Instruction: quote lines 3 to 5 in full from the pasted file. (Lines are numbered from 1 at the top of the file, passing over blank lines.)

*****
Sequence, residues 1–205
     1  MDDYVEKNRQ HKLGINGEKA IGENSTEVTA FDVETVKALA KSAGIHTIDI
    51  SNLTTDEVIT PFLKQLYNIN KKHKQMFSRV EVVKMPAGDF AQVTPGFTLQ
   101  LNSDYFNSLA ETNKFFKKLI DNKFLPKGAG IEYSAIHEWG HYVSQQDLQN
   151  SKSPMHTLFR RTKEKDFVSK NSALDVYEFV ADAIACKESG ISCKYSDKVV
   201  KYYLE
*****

    51  SNLTTDEVIT PFLKQLYNIN KKHKQMFSRV EVVKMPAGDF AQVTPGFTLQ
   101  LNSDYFNSLA ETNKFFKKLI DNKFLPKGAG IEYSAIHEWG HYVSQQDLQN
   151  SKSPMHTLFR RTKEKDFVSK NSALDVYEFV ADAIACKESG ISCKYSDKVV